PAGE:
The New York City Football Club’s search for a permanent home began in 2012, three years before the team played its first game. In the waning months of former Mayor Michael R. Bloomberg’s administration, talks were underway to build a stadium for the team in the middle of Flushing Meadows Corona Park.

Those plans were derailed by local politicians and parks advocates, who objected to giving scarce, heavily used parkland to a team that could well afford to build elsewhere: Its majority owner, United Arab Emirates Sheikh Mansour bin Zayed Al Nahyan, also owns the Manchester City Football Club, and its minority owner is the New York Yankees. The Mets also objected, demanding that it be paid to let soccer fans park in the lots around Citi Field. (The current plan calls for the Mets to receive parking revenue collected during soccer games.)

When the 2013 plan fell apart, the team announced it would play at Yankee Stadium for three seasons while it searched for a new site. Three years turned into nearly a decade.

Don Garber, the commissioner of Major League Soccer, preferred that new stadiums be built in urban areas where fans can meet at nearby pubs and restaurants before and after matches, similar to many stadiums in Europe.

“This is just another step toward this vision that we want our club to be embedded in the community that’s accessible to fans,” Mr. Garber said of the new stadium.

The team considered nearly 20 locations around the city. Some were floated and then dropped, including land along the Hudson River near Greenwich Village and Baker Field, which is owned by Columbia University, because of complaints by neighbors, costs and other issues.

In 2020, just before the pandemic took hold, the owners of New York City F.C. and a group of local developers were close to a deal that would have built a soccer stadium as part of larger development that would have replaced parking lots and an elevator parts factory not far from Yankee Stadium. The deal appeared to fall apart in 2021.

Playing at Yankee Stadium — with games scheduled when the Yankees were on the road — was less than optimal: Baseball fields have uneven dimensions, making for odd sightlines and tight corners for soccer. The quality of the field, which must be repurposed for each soccer game with, for example, the pitching mound removed and sod put over it, has also been criticized.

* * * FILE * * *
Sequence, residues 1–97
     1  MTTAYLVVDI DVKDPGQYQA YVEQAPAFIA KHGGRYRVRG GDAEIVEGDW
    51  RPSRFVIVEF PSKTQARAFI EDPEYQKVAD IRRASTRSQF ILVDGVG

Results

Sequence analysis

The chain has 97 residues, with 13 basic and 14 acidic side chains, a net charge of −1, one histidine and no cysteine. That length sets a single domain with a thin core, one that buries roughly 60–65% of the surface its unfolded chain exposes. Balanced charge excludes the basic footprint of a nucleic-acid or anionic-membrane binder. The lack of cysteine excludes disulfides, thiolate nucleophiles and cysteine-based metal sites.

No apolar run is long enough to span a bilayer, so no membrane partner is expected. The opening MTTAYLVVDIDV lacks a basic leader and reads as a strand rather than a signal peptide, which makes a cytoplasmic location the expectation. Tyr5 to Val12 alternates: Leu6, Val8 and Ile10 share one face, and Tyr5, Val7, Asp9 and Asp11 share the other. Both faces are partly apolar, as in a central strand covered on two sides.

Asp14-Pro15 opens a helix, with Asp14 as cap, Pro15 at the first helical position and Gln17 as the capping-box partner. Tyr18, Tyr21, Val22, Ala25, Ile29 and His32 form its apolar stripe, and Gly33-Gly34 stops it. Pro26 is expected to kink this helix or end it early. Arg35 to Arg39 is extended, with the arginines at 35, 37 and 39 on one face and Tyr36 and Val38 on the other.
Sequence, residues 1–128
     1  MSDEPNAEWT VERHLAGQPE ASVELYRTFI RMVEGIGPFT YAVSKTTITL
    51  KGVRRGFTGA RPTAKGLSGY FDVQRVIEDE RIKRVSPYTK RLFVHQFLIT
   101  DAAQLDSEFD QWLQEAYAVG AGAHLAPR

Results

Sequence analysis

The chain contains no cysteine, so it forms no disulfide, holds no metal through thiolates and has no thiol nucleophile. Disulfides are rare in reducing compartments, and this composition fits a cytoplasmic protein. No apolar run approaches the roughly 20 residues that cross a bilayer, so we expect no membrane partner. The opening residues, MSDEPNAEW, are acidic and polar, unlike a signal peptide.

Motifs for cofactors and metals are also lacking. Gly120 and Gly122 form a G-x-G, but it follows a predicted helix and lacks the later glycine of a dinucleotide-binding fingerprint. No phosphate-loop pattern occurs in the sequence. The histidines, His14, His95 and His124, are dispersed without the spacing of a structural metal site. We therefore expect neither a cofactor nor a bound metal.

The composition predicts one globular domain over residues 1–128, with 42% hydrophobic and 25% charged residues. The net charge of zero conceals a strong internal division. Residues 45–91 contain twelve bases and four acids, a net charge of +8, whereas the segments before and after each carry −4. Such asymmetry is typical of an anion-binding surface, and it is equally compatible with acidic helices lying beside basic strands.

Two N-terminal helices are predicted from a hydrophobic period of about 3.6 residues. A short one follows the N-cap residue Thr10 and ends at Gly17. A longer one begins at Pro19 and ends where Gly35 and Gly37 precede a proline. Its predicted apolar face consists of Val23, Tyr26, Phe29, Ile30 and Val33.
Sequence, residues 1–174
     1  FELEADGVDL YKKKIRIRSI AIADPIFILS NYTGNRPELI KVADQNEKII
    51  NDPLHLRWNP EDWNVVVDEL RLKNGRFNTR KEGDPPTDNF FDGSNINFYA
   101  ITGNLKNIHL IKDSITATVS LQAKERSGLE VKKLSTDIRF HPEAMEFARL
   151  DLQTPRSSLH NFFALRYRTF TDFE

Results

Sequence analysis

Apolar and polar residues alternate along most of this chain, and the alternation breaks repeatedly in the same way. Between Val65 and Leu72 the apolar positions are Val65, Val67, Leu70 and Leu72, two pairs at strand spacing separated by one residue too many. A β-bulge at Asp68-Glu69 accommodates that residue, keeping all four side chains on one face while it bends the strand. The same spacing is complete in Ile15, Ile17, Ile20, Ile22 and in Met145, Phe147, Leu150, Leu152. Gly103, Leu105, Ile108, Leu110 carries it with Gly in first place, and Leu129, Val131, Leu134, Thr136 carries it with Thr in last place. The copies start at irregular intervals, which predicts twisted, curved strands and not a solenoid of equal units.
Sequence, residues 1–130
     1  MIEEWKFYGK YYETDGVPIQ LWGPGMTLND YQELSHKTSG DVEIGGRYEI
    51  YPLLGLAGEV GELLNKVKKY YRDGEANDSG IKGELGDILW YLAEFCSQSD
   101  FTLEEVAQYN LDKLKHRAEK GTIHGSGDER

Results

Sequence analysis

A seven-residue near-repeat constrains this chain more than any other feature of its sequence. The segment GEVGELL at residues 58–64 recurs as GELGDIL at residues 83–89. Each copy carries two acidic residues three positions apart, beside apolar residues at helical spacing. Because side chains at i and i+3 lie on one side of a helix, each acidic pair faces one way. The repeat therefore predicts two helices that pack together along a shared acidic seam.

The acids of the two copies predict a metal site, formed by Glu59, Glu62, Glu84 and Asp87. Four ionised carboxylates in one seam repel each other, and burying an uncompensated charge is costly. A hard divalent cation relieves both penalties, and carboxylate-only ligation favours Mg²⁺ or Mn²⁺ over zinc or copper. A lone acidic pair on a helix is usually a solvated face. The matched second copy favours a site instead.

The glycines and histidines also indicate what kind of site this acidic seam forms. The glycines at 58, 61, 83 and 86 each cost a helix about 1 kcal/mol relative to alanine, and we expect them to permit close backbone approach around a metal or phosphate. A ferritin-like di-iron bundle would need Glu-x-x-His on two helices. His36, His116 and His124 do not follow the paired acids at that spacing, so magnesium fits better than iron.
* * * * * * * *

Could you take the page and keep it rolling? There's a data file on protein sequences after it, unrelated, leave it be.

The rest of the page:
Despite it all, the team won its first M.L.S. Cup last year.

Despite playing on a converted field in Yankee Stadium, the New York City Football Club won its first Major League Soccer cup last year.Credit…Mike Segar/Reuters

To build a bigger following in Queens, the team will play some of its games in Citi Field until the new stadium opens.

“It’s pretty much of a fantasy,” said Marty Edelman, the football club’s vice chairman. “We’ve been an itinerant tenant in a number of different spaces. I think our fans need a different GPS every week to figure out where they go to watch us play.”

The saga of Willets Point has lasted far longer than the team’s search for a stadium.

Once a dumping ground that inspired the “valley of ashes” imagery in F. Scott Fitzgerald’s The Great Gatsby, the land eventually morphed into the Iron Triangle, once the city’s largest collection of auto body repair shops and scrap yards, some of which sustained families for generations.

In 2007, Mayor Bloomberg announced a plan to put apartments and office buildings on the 60 acres bounded by Citi Field, the Whitestone Expressway and Flushing Creek. His plans expanded to include a shopping mall on a parking lot technically mapped as parkland, prompting a lawsuit that stopped the project in its tracks.

Mr. Bloomberg’s successor, Bill de Blasio, re-envisioned the plan to prioritize affordable housing, and during his second term, announced a remediation of the polluted site to allow for 1,100 apartments and a school. Most of the more than 200 businesses that made up the Iron Triangle have since been evicted, or bought out. A plan to relocate many of them to the Bronx failed.

City officials said only two businesses remain at the site; Mr. Kimball said the city is in the process of acquiring those sites.

Waiss Mohibi, who owns garages there, said the city has pressured him to leave, in bad faith. He said he has four years left on his lease and he will not leave without a buyout.

“You give me a good deal, I’ll get out,” he said. “If you don’t, I stay.”

The 1,100 units announced by Mr. de Blasio in 2018 will be incorporated into the 2,500 unit total Mr. Adams will announce on Wednesday.

The stadium project and additional housing will have to go through the city’s onerous land review process, which is heavily reliant on the support of the local council member. In this case, that council member’s support is not in doubt.

“I’m a kid who grew up playing soccer in the fields right across from Willets Point,” said Francisco Moya, a councilman who has been pushing for a soccer stadium in Queens for years. “We hope to create the same kind of passion that we see throughout the world, where some kid right now who’s playing on Field 11 in Flushing Meadows Corona Park will one day be able to don the jersey of the team that plays right across the way from them.”

Nate Schweber contributed reporting.